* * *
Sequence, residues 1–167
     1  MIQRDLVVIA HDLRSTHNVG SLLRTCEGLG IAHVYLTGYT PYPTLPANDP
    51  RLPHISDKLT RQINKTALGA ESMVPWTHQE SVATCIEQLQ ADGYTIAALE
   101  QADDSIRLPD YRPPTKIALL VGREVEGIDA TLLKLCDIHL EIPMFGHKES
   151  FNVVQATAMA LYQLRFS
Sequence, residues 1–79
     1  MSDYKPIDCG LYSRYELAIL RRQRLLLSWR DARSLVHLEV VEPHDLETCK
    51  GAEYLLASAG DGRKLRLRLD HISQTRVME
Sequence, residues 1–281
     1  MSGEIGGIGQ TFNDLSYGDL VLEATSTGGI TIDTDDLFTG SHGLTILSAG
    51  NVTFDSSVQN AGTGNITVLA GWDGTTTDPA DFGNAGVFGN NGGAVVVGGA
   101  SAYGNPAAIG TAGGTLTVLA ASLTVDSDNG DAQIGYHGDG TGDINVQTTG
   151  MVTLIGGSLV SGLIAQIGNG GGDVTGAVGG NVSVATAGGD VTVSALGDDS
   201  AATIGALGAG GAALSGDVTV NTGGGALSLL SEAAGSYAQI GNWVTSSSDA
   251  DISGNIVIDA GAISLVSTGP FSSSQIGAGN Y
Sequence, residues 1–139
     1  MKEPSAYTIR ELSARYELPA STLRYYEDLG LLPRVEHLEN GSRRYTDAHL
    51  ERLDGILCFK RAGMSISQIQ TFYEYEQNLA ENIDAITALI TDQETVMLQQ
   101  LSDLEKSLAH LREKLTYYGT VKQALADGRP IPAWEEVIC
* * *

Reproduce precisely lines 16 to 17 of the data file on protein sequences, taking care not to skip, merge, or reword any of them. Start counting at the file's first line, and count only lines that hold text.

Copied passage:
Sequence, residues 1–139
     1  MKEPSAYTIR ELSARYELPA STLRYYEDLG LLPRVEHLEN GSRRYTDAHL